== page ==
Speed is a critical component of long distance cruising, as is a structure that carries a high factor of safety. We also want lots of heeled stability and the ability to recover from a capsize. But there is a conflict between these elements, and it revolves around weight and center of gravity.
The FPB 78s will cruise at 11+ knots several times across the Atlantic before needing a fuel stop. They also have the highest factors of safety of any of the yachts we have done to date. The fuel payload is heavy, as is the structure, so we need to save weight elsewhere to compensate. Cue the interior.
With the FPB 78 Series we are switching to a performance sailing yacht style of interior construction. Head and hull liner panels, furniture modules, and the grounds to which these attach have been put on a diet. The result is a savings of weight and lowering of the vertical center of gravity, both critical to accomplishing our performance goals for the FPB 78s.
The Great Room settee carcass above is a case in point. Panels have lightening holes (which also helps with ventilation), and the other furniture/cabin sole/coaming to which this is attached provides strength. More care in building and installation is required, increasing cost, but the weight savings throughout add up.
Here is another example, the centerline furniture module between the guest cabins aft. Until installed this unit is unstable, so a temporary end panel is used to maintain shape. Once secured in place, the bulkheads to which module is attached stiffen the unit.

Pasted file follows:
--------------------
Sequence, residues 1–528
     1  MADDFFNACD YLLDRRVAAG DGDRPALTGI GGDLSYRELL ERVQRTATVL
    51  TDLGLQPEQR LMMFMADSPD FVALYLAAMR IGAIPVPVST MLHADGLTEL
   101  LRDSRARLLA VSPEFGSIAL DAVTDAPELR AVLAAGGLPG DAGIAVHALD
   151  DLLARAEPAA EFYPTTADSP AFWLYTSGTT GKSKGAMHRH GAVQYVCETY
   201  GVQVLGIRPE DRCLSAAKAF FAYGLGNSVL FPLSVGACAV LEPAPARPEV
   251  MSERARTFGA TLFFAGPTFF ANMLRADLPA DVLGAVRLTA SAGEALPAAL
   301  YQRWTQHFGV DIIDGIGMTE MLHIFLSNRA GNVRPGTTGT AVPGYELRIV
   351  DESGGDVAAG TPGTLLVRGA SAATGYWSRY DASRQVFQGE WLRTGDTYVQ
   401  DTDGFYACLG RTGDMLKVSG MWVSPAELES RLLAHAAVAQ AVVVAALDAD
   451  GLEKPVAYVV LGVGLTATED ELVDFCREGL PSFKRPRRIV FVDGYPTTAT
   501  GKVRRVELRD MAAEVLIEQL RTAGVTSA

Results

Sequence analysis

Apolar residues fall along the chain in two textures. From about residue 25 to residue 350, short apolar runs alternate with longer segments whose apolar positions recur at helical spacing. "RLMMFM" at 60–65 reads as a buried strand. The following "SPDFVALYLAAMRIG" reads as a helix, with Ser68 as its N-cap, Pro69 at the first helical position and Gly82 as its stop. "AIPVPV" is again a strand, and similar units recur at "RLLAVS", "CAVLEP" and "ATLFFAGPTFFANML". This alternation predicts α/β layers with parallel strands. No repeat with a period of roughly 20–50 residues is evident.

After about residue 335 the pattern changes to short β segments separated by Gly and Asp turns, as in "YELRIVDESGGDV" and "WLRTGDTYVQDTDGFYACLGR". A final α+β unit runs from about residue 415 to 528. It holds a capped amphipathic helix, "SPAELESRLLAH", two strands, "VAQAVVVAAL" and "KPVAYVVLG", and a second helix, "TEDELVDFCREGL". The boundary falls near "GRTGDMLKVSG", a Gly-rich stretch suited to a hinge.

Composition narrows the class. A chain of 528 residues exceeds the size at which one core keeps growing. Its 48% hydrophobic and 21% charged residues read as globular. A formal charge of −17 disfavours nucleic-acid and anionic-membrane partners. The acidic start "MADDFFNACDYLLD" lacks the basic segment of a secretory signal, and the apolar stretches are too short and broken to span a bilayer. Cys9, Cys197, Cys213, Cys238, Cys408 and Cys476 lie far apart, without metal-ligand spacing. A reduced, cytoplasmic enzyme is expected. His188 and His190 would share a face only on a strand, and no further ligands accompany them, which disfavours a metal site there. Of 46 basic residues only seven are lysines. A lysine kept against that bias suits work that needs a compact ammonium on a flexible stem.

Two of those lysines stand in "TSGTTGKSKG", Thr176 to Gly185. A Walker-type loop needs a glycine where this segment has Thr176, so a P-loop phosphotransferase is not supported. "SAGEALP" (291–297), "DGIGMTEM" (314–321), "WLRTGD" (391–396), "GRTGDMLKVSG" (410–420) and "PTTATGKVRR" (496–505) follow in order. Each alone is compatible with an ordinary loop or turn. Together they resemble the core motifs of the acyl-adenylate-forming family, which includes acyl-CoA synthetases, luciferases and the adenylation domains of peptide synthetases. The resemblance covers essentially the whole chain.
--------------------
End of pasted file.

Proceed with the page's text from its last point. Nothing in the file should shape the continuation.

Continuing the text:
With the FPB 78 Series we are going back to foam cored doors. These have not been necessary until now, although we used them on many of our sailing yachts in the past. The weight savings from this are not huge, but this is one small piece of a large effort.
The biggest savings with the highest VCG impact are in the headliner panels. The headliner panels and the grounds system to which they attach have been put on a serious diet, resulting in a 50% reduction in weight. The panels are harder to fabricate and one must take care during installation and removal.
The result of all of this fussing around is a two percent reduction in overall displacement at cruising payload, with a lowering of the VCG by a couple of percent as well, Not much, you are probably thinking.
Here is where it gets interesting. By trading this interior savings for a heavier hull bottom we end up at the same displacement, but since that weight we added back is low in the boat the VCG drops . With the lower VCG we can now reduce lead ballast, and this is a big number. This in turn allows for a larger battery bank (low), heavier propulsion package (also low), and thicker (heavier) insulation.
The end result is a quieter boat (engines and insulation), safer structure (heavier bottom plate), better cruising range and faster ocean crossing speeds (more efficient propulsion package).
All of which stems from putting the interior on a diet.